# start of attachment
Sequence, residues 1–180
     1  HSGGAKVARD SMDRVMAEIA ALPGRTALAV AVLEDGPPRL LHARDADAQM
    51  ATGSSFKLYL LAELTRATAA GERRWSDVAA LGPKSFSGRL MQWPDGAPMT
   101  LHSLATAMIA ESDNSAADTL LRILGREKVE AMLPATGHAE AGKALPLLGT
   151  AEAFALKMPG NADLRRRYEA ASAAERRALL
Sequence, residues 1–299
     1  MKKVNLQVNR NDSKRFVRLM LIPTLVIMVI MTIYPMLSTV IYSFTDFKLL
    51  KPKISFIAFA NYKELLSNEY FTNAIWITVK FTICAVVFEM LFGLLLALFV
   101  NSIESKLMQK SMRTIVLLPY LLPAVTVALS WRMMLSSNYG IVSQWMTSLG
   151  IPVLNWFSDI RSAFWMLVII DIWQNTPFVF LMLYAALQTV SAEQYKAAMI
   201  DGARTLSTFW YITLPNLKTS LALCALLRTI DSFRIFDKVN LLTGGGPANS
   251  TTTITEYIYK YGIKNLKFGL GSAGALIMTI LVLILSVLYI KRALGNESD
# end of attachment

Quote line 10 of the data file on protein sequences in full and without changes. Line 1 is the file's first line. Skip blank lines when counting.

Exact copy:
   151  IPVLNWFSDI RSAFWMLVII DIWQNTPFVF LMLYAALQTV SAEQYKAAMI